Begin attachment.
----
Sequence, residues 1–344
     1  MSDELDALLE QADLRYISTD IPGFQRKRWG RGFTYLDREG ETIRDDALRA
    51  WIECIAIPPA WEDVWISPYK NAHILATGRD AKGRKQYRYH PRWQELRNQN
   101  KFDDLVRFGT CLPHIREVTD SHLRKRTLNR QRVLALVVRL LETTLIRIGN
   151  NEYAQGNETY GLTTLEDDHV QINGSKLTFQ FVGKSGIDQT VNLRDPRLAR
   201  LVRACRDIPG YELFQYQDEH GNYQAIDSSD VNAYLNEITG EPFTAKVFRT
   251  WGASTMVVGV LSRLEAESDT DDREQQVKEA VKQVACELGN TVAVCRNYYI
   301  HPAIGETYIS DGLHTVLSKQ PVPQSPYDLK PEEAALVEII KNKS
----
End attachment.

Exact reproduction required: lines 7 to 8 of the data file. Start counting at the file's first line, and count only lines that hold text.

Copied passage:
   251  WGASTMVVGV LSRLEAESDT DDREQQVKEA VKQVACELGN TVAVCRNYYI
   301  HPAIGETYIS DGLHTVLSKQ PVPQSPYDLK PEEAALVEII KNKS